Welcome to the world of Weeping Cherry Tree Pruning! These graceful beauties, known for their cascading blooms, add a touch of elegance to any landscape. In this guide, we’ll explore the essential art of pruning—a vital practice for ensuring these trees blossom beautifully.
Understanding how to trim these trees is crucial for their health and charm. From telling apart grafted and natural trees to mastering the delicate trimming process, join us on this journey to nurture and maintain the allure of your beloved weeping cherry tree.
Best Time To Prune a Weeping Cherry Tree
The best time to prune weeping cherry trees, whether they’re grafted or natural, is in late summer or early fall when they’re less active. Avoid pruning in winter or early spring, especially as these seasons up the odds of fungal infections that can harm the tree. Before starting the pruning session, ensure there are no blooming flowers or new leaves on the branches.
The Tools You’ll Need
- Pruning Shears: Perfect for precise cuts on smaller branches, these shears ensure clean trimming, treating your weeping cherry tree gently. Remember to sanitize them before and after each use for a healthy pruning session.
- Pruning Saws: When dealing with thicker branches, pruning saws are your go-to. Their robust blades tackle larger limbs efficiently. Keeping them sanitized helps prevent the spread of any potential infections between cuts.
- Gloves: Shield your hands from thorns and scratches with gloves. They offer protection and comfort throughout your pruning session. Keeping your gloves clean also ensures a hygienic experience.
- Ladder: For higher branches, a sturdy ladder is essential. It provides safe access to unreachable spots. Sanitize its steps and handles for safety and cleanliness before climbing.
How to Prune a Weeping Cherry Tree Step-by-Step
There is a difference in how you should prune Grafted and Natural (Ungrafted) weeping trees. To figure out if your weeping cherry tree is grafted or natural, just check near the top for a knot or scar, usually about a foot below the crown. Also, notice any differences in bark color and texture between the tree’s original part and the weeping variety added later.
Pruning a Grafted Weeping Cherry Tree
- Trim Ground-Touching Branches: Start by trimming back branches touching the ground, ensuring they’re at least about 5 – 6 inches (15 cm.) above the ground. This helps prevent winter damage and maintains the tree’s health.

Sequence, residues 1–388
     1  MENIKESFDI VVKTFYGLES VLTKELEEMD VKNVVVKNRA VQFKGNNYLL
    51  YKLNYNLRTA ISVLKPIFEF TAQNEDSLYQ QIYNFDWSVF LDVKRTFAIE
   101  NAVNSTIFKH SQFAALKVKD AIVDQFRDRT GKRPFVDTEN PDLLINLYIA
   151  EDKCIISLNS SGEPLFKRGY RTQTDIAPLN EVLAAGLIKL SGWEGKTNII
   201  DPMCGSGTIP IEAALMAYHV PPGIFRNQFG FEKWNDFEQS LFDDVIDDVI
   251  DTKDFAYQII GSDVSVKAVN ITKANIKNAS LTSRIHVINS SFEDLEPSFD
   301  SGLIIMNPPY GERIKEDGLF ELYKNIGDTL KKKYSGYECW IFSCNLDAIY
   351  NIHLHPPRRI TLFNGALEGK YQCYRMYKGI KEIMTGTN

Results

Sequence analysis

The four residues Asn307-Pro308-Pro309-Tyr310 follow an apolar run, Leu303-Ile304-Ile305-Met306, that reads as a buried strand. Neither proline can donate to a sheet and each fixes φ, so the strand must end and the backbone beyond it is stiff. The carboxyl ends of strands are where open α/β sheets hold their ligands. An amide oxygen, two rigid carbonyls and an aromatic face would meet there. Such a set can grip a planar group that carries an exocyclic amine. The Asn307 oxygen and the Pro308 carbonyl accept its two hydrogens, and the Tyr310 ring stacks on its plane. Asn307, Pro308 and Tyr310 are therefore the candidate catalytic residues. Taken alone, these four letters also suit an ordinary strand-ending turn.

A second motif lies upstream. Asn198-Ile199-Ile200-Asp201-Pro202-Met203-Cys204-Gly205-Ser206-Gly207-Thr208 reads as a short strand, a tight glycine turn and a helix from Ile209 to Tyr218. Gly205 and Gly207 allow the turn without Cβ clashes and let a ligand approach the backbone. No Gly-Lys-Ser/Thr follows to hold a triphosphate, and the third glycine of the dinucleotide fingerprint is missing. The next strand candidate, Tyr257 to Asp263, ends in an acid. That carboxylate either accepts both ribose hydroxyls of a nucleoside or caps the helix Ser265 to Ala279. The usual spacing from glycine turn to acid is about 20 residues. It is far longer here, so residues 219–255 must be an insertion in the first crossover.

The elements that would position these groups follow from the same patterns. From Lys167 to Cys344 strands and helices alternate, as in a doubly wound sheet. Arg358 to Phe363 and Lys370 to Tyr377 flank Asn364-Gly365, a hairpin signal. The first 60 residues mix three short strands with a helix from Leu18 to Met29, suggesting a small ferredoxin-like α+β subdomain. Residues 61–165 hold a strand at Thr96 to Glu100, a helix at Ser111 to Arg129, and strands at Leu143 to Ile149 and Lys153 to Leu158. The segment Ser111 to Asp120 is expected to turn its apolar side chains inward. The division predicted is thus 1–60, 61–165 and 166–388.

- Remove Upward Growing Branches: Eliminate branches growing upwards, as they won’t fit the weeping style of the tree. These non-weeping branches need removal to retain the tree’s distinctive weeping appearance.
- Address Diseased and Crossing Branches: Prune out any diseased or crossing branches, especially those contributing to the tangled top “snarl.” This action thins out the top, reducing potential damage during storms.
- Assess and Shape the Crown: Step back and assess the tree’s shape. Trim the crown to achieve a pleasing and uniform appearance, ensuring the tree maintains its graceful weeping form
Pruning a Natural (Ungrafted) Weeping Cherry Tree
- Elevate Ground-Trailing Branches: Begin by raising branches that touch the ground, ensuring they’re at least 6 inches (15 cm.) above the ground level.
- Address Disease and Deadwood: Trim away any diseased or dead branches to maintain the tree’s health and vitality.
- Crossing Branches Management: Prune crossing or rubbing branches to prevent potential damage and maintain optimal growth patterns.
- Preserve Upward-Growing Branches: Keep upward-growing branches, because these will eventually arch down, maintaining the tree’s distinct weeping shape.
- Final Crown Shaping: Conclude by refining the crown shape, ensuring uniformity, and removing any stray branches, enhancing the overall appearance of your natural weeping cherry tree.
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Common Pruning Mistakes To Avoid
- Overpruning: Resist the urge to overdo it. Pruning too much can weaken the tree and affect its blossoming potential.
- Wrong Timing: Pruning during winter or very early spring can leave the tree vulnerable to diseases and pests. Stick to the recommended late summer – early fall schedule.
- Removing larger branches at the trunk: One common mistake is cutting large branches at the trunk. Like it or not, these branches will only grow back stronger.
Post-pruning care is also important, so here is a list of things you can do to help your Weeping Cherry Tree to bounce back fast and healthy from pruning:
- Cleanup: Remove pruned branches and debris from around the tree to prevent potential infections.
- Mulching: Apply a layer of organic mulch around the tree base, keeping the soil moist and protecting the roots.
- Feed and Water: Treat your tree to a gentle fertilizer dose and regular watering to support new growth.
Frequently Asked Questions
When to prune weeping cherry trees?
Prune grafted or natural weeping cherry trees in late summer or early fall when they’re dormant, avoiding winter or early spring. Aim for small branches and ensure no flowers or leaves adorn the tree when starting the pruning.
Can You Prune a Weeping Cherry in Winter?
Pruning Weeping Cherry trees in Winter makes them more susceptible to fungal infections. Prune these trees in late summer or early fall.
How much should I prune my weeping cherry tree?
Weeping Cherry trees do not like to be pruned very hard in one go. Never remove more than a fourth of the canopy at one time.
Should I prune dead branches from my weeping cherry tree?
When pruning your Weeping Cherry Tree, the most important thing is to remove dead or damaged branches. This way you can keep your tree healthy and make it focus its energy on healthy growth.